Monday, February 15th is Presidents’ Day, an American holiday celebrated on the 3rd Monday of February. This holiday was originally established in 1885 to recognize President George Washington and is still officially called “Washington’s Birthday” by the federal government. Washington’s birthday is celebrated on February 22, his actual day of birth but the holiday became popularly known as Presidents’ Day after it was moved as part of 1971’s Uniform Monday Holiday Act. This act was an attempt to create more three-day weekends for the nation’s workers – which I quite enjoy today! While several states still have individual holidays honoring the birthdays of Washington, Abraham Lincoln and other figures, Presidents’ Day is now popularly viewed as a day to celebrate all U.S. presidents past and present.
Like Independence Day, Presidents’ Day is traditionally viewed as a time of patriotic celebration and remembrance. In its original incarnation as Washington’s Birthday, the holiday gained special meaning during the difficulties of the Great Depression, when portraits of George Washington often graced the front pages of newspapers and magazines every February 22. In 1932 the date was used to reinstate the Purple Heart, a military decoration originally created by George Washington to honor soldiers killed or wounded while serving in the armed forces. In 1938 an estimated 5,000 people attended mass at Saint Patrick’s Cathedral in New York City in honor of Washington.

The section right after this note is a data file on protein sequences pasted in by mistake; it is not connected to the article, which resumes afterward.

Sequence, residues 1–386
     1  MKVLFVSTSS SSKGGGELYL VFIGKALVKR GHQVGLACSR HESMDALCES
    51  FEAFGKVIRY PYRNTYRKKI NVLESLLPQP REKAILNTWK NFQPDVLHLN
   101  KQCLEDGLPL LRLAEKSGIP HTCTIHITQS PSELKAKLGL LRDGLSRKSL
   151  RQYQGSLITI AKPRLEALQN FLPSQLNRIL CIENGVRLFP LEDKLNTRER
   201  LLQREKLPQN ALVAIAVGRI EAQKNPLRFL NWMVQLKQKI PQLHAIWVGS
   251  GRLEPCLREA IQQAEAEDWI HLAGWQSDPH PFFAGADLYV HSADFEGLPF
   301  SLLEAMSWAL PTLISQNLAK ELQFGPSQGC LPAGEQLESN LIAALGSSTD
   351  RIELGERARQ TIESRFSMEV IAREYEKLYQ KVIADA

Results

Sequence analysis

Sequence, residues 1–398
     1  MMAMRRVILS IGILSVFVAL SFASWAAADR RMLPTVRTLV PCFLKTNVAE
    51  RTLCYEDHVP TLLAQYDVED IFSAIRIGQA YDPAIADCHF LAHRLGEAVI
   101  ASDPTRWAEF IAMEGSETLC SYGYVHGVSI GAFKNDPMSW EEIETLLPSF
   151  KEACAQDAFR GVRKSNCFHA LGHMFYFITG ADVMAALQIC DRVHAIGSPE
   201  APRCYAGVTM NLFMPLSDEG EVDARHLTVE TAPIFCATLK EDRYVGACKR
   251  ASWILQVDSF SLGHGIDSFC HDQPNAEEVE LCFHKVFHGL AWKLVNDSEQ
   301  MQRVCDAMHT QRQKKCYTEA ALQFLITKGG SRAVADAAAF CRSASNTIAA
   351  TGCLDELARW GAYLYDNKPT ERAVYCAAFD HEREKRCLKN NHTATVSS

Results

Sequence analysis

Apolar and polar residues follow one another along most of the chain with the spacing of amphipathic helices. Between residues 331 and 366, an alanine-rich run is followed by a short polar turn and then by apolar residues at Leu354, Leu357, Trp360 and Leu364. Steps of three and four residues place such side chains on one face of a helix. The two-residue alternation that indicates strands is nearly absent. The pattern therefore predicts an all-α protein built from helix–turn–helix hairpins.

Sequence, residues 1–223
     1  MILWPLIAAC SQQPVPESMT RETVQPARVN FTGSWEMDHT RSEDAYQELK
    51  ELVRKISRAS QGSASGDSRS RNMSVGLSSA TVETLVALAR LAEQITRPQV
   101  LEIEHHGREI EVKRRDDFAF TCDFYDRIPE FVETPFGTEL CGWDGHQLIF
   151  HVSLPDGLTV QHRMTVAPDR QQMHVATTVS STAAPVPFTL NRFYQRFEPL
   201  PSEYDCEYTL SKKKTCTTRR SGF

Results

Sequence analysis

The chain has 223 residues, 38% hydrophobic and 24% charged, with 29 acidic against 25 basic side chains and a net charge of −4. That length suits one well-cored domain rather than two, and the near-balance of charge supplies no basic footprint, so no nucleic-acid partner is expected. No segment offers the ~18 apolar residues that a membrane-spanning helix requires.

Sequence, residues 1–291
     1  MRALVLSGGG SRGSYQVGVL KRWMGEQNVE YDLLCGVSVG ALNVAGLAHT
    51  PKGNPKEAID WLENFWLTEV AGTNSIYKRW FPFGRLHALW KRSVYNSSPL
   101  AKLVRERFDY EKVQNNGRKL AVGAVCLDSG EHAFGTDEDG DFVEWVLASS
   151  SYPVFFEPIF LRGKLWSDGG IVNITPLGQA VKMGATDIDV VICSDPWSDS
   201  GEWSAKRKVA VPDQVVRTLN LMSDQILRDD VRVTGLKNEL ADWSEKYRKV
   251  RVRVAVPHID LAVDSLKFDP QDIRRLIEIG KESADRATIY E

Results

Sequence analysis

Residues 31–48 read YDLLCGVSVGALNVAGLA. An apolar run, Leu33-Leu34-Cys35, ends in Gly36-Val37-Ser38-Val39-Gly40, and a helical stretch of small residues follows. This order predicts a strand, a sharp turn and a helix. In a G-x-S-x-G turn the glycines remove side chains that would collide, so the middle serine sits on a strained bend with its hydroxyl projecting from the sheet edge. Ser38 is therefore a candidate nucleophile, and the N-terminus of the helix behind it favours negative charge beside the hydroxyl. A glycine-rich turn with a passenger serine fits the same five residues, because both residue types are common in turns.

In its modern form, Presidents’ Day is used by many patriotic and historical groups as a date for staging celebrations and reenactments. A number of states also require that their public schools spend the days leading up to Presidents’ Day teaching students about the accomplishments of all the presidents, often with a strong emphasis on the lives of Washington and Lincoln.
I distinctly remember in 5th grade having to do a project for Presidents’ day on a President or his wife and their accomplishments while in office. I chose Dolley Madison and to this say still am fascinated with her and all she did for our country. While she isn’t a President, she did shape the way Presidents and their families are seen in our country. She helped bring the government to the 21st Century without even realizing it.
She held the first Inaugural Ball at Capital Hill after James Madison was elected president and continued to host dinners for stately guest. She famously sponsored egg-rolling contests for children on or near the lawn at the Capitol Building, served ice cream at the White House and redecorated the home to be more inviting to guests. Dolley Madison was the first “First Lady” to formally associate herself with a specific public project; as a supporter and board member she helped open a D.C. home for young orphaned girls. She also befriended nuns from a local Catholic school and began a lifelong association with the organization. Her legacy was made lasting by her conscious act of symbolic patriotism in the hours before the burning of Washington by invading British troops during the War of 1812. She blatantly refused to leave the White House before being assured that the large portrait of George Washington was removed from the walls and taken safely away from potential destruction. After presidential life, she returned home and was still sought after as a confidant and mentor to future presidential wives. Legend has it that at her funeral President Taylor eulogized her as the “First Lady” – perhaps this was the first known use of the title.
This Presidents’ day, don’t just remember the Presidents’ – remember their wives and families because without them by their side, shaping their minds and hearts, listening at dinner or hosting guests – where would our country be today?